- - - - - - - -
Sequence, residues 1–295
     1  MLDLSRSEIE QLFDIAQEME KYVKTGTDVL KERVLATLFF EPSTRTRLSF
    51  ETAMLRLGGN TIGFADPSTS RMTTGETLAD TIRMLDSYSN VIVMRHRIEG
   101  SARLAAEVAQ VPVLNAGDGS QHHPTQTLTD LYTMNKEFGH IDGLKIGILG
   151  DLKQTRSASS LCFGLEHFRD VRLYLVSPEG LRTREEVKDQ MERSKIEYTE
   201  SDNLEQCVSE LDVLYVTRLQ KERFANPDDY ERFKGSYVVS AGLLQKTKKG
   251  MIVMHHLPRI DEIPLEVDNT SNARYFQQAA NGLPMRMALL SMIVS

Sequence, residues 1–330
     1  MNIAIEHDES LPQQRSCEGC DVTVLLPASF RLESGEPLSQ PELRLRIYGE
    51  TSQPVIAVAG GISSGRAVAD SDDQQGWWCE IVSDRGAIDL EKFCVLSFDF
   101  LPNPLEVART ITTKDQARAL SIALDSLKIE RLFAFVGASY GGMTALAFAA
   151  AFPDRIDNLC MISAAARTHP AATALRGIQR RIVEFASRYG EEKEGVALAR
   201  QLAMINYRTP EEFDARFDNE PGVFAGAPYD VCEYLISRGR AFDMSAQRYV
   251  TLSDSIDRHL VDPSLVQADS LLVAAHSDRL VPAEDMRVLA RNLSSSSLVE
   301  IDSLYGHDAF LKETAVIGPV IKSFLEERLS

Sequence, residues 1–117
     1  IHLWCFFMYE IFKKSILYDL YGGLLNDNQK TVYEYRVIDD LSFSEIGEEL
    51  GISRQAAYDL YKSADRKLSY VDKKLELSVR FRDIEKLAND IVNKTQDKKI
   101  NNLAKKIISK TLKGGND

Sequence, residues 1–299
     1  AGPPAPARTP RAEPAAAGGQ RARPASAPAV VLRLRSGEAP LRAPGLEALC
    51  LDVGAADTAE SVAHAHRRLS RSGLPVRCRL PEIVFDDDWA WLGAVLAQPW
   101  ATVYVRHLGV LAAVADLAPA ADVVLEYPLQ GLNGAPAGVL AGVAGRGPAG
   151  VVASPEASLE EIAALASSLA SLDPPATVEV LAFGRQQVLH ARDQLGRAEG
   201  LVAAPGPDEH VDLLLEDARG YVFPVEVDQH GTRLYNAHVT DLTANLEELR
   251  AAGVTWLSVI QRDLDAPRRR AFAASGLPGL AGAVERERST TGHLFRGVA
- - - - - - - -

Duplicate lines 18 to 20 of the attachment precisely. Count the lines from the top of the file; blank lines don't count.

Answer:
    51  GISRQAAYDL YKSADRKLSY VDKKLELSVR FRDIEKLAND IVNKTQDKKI
   101  NNLAKKIISK TLKGGND

Sequence, residues 1–299